Further, there is no longer any observable justification for removing property from the financial system. As it were, if banks are susceptible to panic, even for different reasons coursing through the exact same manifestations (emotion), then the elimination of public property (real money) has only served to end the chief function of gold as central arbiter of imbalance. By not having a central money anchor, imbalances have grown to immense proportions, not just in terms of debt saturation but the degree to which financialism has upended proportionality as a tool for the real economy.
And here we have the answer to the “great” orthodox “mystery” of secular stagnation, or whatever it might be called in years ahead if we never divert from Japan’s laid track. I don’t want to commit the common logical fallacy whereby invalidating one aspect does not necessarily annul an entire argument or philosophical bend, but since monetary theory ties together almost all its modern facets around this central point the wide legitimacy of it all should at least be in question. Ridding the economy of actually free markets, under property regimes, and socializing money into ephemeral concepts of “liquidity” and ledger “currency” was supposed to end depression itself (now one of the most prominent orthodox economists refers to the current period as the “Lesser Depression”).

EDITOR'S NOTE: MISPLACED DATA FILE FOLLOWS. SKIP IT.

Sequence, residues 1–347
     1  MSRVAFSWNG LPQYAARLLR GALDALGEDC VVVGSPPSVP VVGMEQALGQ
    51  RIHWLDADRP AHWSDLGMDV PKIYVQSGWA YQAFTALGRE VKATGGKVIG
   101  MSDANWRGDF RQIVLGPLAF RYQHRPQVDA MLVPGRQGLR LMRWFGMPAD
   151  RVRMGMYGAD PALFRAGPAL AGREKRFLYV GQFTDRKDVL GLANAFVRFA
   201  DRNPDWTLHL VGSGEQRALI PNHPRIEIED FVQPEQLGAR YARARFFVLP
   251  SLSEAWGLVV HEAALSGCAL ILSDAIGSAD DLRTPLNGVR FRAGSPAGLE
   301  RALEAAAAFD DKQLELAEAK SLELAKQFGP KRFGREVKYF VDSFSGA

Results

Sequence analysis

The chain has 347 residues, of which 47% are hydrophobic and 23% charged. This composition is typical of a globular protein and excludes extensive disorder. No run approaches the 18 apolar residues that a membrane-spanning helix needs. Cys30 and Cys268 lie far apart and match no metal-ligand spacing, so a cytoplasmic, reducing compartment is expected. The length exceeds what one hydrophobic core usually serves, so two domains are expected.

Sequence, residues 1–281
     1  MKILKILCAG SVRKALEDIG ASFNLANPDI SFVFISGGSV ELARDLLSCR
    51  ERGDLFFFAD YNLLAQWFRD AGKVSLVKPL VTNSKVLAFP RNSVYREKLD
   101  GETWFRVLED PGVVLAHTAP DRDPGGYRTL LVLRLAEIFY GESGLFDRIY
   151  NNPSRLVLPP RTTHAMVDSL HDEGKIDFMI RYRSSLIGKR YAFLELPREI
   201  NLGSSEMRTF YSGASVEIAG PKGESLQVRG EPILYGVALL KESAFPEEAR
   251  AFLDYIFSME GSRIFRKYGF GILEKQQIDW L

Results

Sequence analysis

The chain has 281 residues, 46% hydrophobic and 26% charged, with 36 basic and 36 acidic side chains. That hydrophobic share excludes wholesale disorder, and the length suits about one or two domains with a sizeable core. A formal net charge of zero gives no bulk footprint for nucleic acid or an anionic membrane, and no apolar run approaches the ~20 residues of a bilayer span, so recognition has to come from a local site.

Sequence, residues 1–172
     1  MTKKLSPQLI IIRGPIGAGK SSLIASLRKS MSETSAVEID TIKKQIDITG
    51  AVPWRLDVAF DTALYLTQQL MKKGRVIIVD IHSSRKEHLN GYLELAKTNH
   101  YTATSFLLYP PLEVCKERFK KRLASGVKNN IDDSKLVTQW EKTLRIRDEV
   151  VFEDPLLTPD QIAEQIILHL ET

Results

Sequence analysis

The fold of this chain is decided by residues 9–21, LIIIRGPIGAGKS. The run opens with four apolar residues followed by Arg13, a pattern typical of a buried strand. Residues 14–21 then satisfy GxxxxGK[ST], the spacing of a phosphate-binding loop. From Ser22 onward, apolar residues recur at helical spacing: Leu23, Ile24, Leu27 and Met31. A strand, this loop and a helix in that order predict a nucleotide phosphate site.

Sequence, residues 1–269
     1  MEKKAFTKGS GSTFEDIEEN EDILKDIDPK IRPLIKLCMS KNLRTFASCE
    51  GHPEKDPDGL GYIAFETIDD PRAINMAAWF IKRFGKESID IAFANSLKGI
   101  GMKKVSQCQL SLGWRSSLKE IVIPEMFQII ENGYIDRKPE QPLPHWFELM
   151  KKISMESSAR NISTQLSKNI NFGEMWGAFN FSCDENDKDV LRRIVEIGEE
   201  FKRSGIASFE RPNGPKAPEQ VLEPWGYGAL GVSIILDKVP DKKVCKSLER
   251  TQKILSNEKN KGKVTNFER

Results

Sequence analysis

Removing depositors from bank existence was supposed to provide stability, as central banks in particular would gain “flexibility” from placing themselves and their banks atop the monetary pyramid. The net gain for all of that “flexibility” was told as improved economic function. That has been disproven and continues to be by observed events now stretching decades.